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Consumers continue to over estimate the cost of organic food
The Organic Centre Wales (OCW) recently conducted a survey at The Royal Welsh Winter Fair in Builth Wells on the 26th & 27th November which highlighted the common misconceptions of the cost of organic food.
Staff at the Organic Centre Wales (OCW) conducted a consumer survey to find out whether shoppers could accurately assess the value of organic produce. In the busy food hall at the Winter Fair, the OCW staff asked consumers to guess the price of a typical recipe for chicken stew when made with organic ingredients. Over 150 people took part in the survey with consumers on average over estimating the cost of the organic produce by 14%, in actual fact the difference was just over 2%, a fact that may surprise most shoppers.
Neil Pearson from OCW suggests “It is a common assumption that organic food is much more expensive than conventionally farmed produce and in these times of austerity, cost is an issue for all consumers when grocery shopping. However, this survey has highlighted that consumers may be passing organic produce by on supermarket shelves based on past assumptions of organic food. With a basket containing regular items on consumers shopping lists such as chicken breasts, onions, and potatoes we wanted to challenge the assumption of overpriced organic food. The actual difference in cost was just over 2% and we hope that by highlighting this fact consumers can choose to buy great quality and locally sourced organic food, when previously they may have felt they had to compromise on quality due to price”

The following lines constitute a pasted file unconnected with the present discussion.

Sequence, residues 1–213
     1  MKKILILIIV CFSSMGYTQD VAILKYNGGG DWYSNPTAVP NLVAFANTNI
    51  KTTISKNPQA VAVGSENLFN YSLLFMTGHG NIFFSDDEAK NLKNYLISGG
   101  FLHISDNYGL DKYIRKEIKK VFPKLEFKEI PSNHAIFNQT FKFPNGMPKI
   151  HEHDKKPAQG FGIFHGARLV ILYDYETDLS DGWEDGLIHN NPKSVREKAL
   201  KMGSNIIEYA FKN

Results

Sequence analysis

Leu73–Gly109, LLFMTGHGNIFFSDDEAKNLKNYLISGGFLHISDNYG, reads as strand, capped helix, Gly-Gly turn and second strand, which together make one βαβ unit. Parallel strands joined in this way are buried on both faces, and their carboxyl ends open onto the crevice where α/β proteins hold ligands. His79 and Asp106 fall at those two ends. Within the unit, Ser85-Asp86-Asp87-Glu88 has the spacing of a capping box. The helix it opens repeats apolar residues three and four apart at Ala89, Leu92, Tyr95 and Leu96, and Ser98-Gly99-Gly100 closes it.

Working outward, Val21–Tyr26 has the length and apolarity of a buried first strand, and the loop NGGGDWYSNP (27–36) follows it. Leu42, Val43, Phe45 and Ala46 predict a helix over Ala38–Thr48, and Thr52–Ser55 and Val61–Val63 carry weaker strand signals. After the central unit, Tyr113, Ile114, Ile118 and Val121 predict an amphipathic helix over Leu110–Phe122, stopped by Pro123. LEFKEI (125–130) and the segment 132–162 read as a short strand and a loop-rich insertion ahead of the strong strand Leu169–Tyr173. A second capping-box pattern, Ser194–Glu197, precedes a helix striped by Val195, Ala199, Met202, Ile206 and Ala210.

This is not a new barrier within organic food industry, which has long been thought of as 'elitist' and beyond most shoppers budgets. OCW conducted a similar survey in May 2012 at the Royal Welsh Spring Festival and again found that consumers assumed organics were out of their price range, estimating it to be nearly 50% more expensive than its actual cost. Research conducted by the Soil Association in 2011 also highlighted these assumptions and found that in actual fact organic food is significantly less expensive than regular household brands such as Lurpak, Warburton's and Kellogg's.
With Christmas around the corner, food is high on consumer agendas as they plan for the most important meal of the year. It is hoped that this research encourages quality, pesticide and animal welfare conscious consumers, to take another look at local organic produce in the run up to Christmas.
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